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Respiratory infections in adults with atopic disease and IgE antibodies to common aeroallergens.

Research paper by Aino A Rantala, Jouni J K JJ Jaakkola, Maritta S MS Jaakkola

Indexed on: 31 Jul '13Published on: 31 Jul '13Published in: PloS one



Abstract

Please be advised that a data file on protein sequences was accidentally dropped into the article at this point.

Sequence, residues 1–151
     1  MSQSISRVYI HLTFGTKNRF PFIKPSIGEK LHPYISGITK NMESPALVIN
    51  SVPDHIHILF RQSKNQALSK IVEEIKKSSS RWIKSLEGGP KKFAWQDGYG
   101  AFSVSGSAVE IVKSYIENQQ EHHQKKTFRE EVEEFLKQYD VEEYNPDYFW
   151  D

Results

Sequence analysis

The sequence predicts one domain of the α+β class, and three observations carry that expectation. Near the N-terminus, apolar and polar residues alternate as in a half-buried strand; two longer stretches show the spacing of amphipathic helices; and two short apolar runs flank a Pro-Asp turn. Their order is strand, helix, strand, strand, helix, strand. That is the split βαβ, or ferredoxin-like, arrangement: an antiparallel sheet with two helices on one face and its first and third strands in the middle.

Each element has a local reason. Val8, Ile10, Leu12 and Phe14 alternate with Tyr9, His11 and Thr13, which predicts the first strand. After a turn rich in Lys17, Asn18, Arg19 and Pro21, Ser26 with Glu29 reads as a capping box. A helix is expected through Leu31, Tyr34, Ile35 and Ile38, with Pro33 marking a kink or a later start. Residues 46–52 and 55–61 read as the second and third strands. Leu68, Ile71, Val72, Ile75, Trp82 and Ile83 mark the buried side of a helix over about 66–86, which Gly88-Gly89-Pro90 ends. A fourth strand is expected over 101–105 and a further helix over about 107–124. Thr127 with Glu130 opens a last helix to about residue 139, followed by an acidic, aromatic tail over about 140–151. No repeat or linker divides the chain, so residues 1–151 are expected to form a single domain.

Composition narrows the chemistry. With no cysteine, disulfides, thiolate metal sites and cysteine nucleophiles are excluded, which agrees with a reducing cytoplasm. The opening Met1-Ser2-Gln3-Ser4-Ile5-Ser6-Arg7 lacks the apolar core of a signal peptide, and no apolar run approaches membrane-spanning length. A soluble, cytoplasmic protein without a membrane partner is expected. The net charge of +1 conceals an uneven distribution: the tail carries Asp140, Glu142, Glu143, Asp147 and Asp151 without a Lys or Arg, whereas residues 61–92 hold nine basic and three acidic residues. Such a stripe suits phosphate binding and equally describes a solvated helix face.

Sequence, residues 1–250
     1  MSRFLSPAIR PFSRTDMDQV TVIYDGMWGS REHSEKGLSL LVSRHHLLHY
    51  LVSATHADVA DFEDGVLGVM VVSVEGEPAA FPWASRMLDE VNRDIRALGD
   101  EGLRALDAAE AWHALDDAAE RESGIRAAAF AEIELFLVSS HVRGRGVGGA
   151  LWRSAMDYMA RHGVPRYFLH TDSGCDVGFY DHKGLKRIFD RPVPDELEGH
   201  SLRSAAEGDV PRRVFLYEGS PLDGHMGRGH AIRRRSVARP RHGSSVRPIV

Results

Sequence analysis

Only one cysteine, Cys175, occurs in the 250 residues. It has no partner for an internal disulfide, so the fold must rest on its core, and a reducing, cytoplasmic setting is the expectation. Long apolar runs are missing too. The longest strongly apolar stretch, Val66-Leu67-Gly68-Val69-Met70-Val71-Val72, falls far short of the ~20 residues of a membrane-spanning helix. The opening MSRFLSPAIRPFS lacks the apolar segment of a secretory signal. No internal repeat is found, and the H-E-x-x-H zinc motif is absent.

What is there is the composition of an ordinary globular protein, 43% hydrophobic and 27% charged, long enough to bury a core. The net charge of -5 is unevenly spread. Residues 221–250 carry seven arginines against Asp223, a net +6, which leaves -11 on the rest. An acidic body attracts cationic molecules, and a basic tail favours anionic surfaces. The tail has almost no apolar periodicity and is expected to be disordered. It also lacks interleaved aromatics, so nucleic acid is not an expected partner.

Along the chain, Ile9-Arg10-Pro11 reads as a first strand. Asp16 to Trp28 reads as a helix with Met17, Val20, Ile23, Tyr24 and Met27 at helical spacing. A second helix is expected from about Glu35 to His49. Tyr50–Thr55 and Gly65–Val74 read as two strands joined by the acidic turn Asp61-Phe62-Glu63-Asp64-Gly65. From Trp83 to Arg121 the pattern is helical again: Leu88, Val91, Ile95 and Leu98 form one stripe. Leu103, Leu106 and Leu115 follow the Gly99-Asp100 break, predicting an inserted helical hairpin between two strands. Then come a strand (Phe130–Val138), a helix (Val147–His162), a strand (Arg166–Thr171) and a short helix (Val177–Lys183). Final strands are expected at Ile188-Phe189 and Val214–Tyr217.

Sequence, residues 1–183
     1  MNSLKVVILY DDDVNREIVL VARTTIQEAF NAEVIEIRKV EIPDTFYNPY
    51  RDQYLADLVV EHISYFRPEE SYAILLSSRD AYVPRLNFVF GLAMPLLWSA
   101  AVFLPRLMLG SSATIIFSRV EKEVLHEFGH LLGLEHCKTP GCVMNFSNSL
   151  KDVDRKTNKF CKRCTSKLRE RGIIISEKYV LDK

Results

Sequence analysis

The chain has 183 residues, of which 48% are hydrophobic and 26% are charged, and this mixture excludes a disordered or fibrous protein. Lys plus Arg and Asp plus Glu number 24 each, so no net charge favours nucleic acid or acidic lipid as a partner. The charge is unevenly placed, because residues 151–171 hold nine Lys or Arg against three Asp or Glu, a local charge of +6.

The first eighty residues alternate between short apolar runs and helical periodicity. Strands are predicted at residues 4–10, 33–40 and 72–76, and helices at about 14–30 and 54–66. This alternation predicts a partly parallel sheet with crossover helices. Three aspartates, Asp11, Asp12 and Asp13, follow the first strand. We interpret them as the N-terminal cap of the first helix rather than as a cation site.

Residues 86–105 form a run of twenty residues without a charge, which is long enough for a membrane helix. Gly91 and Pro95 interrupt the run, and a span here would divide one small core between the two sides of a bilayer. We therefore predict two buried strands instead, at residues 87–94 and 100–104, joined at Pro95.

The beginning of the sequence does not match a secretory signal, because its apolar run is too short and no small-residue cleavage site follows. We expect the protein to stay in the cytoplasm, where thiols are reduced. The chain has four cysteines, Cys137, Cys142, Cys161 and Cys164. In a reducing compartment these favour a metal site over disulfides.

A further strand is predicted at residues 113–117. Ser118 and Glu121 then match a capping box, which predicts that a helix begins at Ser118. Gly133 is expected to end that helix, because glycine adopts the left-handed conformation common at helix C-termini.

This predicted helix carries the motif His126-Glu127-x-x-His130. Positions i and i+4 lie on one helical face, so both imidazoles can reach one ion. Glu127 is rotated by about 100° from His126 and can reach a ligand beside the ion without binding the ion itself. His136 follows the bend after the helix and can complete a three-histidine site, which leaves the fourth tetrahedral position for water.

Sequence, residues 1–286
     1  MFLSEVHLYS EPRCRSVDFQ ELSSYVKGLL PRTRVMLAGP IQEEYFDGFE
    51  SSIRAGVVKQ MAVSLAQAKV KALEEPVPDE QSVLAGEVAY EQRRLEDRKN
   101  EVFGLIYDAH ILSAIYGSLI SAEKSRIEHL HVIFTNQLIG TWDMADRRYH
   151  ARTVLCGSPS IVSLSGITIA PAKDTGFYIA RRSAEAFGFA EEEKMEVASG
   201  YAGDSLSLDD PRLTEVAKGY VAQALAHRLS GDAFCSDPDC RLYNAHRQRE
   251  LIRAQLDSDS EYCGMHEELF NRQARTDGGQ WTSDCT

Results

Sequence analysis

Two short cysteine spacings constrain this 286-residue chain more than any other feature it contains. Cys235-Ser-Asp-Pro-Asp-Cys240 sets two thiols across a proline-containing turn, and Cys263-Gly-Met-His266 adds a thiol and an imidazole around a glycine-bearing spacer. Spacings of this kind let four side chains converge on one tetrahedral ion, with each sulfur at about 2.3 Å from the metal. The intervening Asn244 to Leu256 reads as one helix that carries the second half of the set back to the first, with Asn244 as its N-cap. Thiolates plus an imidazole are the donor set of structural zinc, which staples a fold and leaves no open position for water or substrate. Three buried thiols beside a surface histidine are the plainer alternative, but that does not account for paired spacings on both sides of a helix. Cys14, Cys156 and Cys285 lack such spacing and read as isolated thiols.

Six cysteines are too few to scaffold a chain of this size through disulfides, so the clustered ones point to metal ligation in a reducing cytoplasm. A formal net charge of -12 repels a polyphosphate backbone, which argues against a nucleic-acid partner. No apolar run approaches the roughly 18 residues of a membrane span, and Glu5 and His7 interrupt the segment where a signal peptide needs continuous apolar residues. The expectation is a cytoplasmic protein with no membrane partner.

Atopic diseases, including allergic rhinitis, allergic dermatitis and asthma, are common diseases with a prevalence of 30-40% worldwide and are thus of great global public health importance. Allergic inflammation may influence the immunity against infections, so atopic individuals could be susceptible to respiratory infections. No previous population-based study has addressed the relation between atopy and respiratory infections in adulthood. We assessed the relation between atopic disease, specific IgE antibodies and the occurrence of upper and lower respiratory infections in the past 12 months among working-aged adults.A population-based cross-sectional study of 1008 atopic and non-atopic adults 21-63 years old was conducted. Information on atopic diseases, allergy tests and respiratory infections was collected by a questionnaire. Specific IgE antibodies to common aeroallergens were measured in serum. Adults with atopic disease had a significantly increased risk of lower respiratory tract infections (LRTI; including acute bronchitis and pneumonia) with an adjusted risk ratio (RR) 2.24 (95% confidence interval [CI] 1.43, 3.52) and upper respiratory tract infections (URTI; including common cold, sinusitis, tonsillitis, and otitis media) with an adjusted RR 1.55 (1.14, 2.10). The risk of LRTIs increased with increasing level of specific IgE (linear trend P = 0.059).This study provides new evidence that working-aged adults with atopic disease experience significantly more LRTIs and URTIs than non-atopics. The occurrence of respiratory infections increased with increasing levels of specific IgE antibodies to common aeroallergens, showing a dose-response pattern with LRTIs. From the clinical point of view it is important to recognize that those with atopies are a risk group for respiratory infections, including more severe LRTIs.